Many human beings spend a lot of time online. Some look to self-educate as well as connect with others worldwide. The number of internet users from 2000 to 2012 increased over 2 billion. Yet those online are only about 34% of the global population.1 Thus, about 66% are not e-connected.
For those fortunate enough to be reading this, time offline could be considered as a way to connect with two-thirds of the two-legged consciousness of the planet. Come to think of it, the trees are not online, the birds are not online, the mountains and valleys are not online though many speak for them and you can find their images and sounds on screens large and small.
According to Wikipedia, there are approximately 7.1 billion human beings living with the planet, and approximately 1.3 billion are Chinese and 1.2 billion are East Indian; combined they make for more than one-third of the population.
Not everyone reads words. The Chinese have a picture-language. One of the simplest yet most profound writings ever, the Tao Te Ching, emanates from China. Bear in mind, though, that “After the Communists took over China in 1949, [the companion] I Ching was denounced as a book of feudalism and superstition. It was banished from the market, and reading it was not allowed.”2
Recently, “China surpassed the United States as the world’s largest consumer of foreign oil, importing 6.3 million barrels per day compared to the United States’ 6.24 million.”3
Somewhere beneath China’s massive new concrete roadways and perhaps still on them flow those threads of timeless wisdom.
India is a land of a plethora of forms of yoga, meditation, raga and such like. Also, according to Wikipedia, “Chennai is home to around 35-40% of India’s total automobile industry and for this reason it is known as the Detroit of Asia. It is on the way to becoming the world’s largest Auto hub by 2016 with a capacity of over 3 million cars annually.”4
Boomtime is nice but they might want to look into the not so crystal ball to see what’s happened in Detroit.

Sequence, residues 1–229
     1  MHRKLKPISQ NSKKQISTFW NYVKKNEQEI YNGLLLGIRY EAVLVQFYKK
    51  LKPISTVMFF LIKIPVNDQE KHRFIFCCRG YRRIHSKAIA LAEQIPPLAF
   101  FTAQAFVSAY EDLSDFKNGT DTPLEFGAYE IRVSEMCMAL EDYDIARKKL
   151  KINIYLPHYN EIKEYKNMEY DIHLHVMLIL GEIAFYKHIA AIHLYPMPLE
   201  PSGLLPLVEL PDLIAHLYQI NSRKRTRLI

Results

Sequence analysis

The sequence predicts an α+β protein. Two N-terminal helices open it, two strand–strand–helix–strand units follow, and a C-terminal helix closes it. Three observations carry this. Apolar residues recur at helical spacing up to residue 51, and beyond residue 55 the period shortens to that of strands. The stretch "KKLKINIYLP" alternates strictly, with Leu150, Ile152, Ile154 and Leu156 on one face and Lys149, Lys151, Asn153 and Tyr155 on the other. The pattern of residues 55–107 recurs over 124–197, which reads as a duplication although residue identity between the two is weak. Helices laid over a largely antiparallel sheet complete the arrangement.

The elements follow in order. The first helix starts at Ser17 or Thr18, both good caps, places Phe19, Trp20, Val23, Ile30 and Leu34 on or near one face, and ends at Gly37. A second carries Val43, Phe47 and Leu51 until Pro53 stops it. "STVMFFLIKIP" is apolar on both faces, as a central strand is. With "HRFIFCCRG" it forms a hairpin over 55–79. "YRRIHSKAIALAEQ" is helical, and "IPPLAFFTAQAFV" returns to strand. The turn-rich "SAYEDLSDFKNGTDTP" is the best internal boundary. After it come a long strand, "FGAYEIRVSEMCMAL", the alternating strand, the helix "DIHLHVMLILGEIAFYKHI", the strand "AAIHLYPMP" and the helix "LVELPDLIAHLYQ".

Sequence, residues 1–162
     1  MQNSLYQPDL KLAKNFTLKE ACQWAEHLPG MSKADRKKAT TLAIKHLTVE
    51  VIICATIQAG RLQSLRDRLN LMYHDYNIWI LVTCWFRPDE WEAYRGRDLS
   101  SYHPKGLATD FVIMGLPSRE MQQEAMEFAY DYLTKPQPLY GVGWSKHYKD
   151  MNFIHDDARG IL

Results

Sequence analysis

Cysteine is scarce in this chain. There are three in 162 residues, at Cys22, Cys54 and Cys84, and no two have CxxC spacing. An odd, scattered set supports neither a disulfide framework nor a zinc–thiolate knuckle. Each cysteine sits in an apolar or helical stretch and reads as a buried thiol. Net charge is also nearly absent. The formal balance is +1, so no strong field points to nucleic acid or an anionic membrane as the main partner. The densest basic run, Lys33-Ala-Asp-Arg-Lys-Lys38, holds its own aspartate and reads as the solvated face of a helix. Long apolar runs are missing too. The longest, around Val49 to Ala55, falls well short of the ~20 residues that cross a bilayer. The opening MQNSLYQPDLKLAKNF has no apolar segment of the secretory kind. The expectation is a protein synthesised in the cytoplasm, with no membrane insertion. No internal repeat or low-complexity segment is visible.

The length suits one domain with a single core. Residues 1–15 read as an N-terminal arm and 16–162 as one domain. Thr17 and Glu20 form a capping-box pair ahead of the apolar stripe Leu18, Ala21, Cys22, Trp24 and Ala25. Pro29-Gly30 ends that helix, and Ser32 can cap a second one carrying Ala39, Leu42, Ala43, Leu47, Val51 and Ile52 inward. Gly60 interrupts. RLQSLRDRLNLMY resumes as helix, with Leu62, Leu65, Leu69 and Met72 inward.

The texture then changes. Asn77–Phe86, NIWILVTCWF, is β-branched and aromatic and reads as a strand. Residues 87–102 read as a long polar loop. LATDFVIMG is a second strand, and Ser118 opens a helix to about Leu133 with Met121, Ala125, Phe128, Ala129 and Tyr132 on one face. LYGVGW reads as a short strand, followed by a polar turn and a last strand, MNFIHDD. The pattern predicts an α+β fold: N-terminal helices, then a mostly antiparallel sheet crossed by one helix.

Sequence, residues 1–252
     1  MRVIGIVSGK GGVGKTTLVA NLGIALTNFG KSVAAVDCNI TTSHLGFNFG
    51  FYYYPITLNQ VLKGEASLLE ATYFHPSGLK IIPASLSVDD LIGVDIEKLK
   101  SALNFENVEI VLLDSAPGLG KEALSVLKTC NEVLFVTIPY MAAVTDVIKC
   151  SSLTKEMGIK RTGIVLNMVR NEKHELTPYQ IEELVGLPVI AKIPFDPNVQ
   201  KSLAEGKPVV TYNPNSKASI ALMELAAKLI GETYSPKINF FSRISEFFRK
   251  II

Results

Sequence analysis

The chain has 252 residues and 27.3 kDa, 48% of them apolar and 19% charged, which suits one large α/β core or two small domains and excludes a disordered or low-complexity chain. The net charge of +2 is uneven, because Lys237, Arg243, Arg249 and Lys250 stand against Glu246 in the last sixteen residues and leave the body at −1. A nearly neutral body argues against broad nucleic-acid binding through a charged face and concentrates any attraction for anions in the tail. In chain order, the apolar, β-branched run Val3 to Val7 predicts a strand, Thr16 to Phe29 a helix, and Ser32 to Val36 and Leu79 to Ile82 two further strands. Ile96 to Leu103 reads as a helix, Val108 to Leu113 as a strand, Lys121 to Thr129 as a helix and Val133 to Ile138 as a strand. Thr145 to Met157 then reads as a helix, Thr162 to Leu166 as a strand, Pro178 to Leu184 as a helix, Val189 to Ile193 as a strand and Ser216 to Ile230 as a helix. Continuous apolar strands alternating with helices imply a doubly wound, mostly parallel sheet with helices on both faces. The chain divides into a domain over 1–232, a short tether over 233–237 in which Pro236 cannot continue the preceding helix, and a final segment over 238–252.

Whatever it is about the Chinese and Indian cultures that you know or don’t know, at least learning something helps to tune-in to a huge piece of the global consciousness.
In his book Globalistan (2009), Pepe Escobar cites the stat that, “Since 2005 more than 3 billion people—half of the global population—are urban.”
Not only rubber tires, but the rhythm of human feet daily beat the concrete streets. Yet, Indigenous Peoples are often on the front lines literally protecting the water, etc. that affects everyone. Recent protests to stop fracking in New Brunswick, Canada are a prime hotspot; the Elsipogtog First Nation, a Mi’kmaq Nation, is not only taking action to protect their ways and people, they are protecting the well-being of Mother Earth.
According to Tiokasin Ghosthorse, host of First Voices Indigenous Radio, there are about 350 million Indigenous Peoples living on and caring for 70% of the pristine land that is left on the planet. Now, think about that and you will get some insight as to how important it is that corporate-governmental powers stop abusing Mother Earth and her children. Think about that some more and you will get some insight as to why the status quo would rather you think Indigenous Peoples are a fascinating relic of a bygone era. As will be shown in the following pieces, small numbers can have a large effect.
Actually getting a piece of pie and having it be nourishing is, unfortunately, not that simple for many people.
According to worldwatch.org, …
|“As many as 2.8 billion people on the planet struggle to survive on less than $2 a day, and more than one billion people lack reasonable access to safe drinking water . . . The U.N. reports that 825 million people are still undernourished; the average person in the industrial world took in 10 percent more calories daily in 1961 than the average person in the developing world consumes today.”|
|“The United States, with less than 5% of the global population, uses about a quarter of the world’s fossil fuel resources—burning up nearly 25 % of the coal, 26 % of the oil, and 27 % of the world’s natural gas.”5
“International research shows that United States’ defense funds make up between 40 and 45 percent of the world’s total military spending.”6 And about as much as the next 11 biggest spending countries combined, and more than four times that of China, number two on the list.”7
Food, energy, and the military intertwine, with the latter often being used to control the former and then some.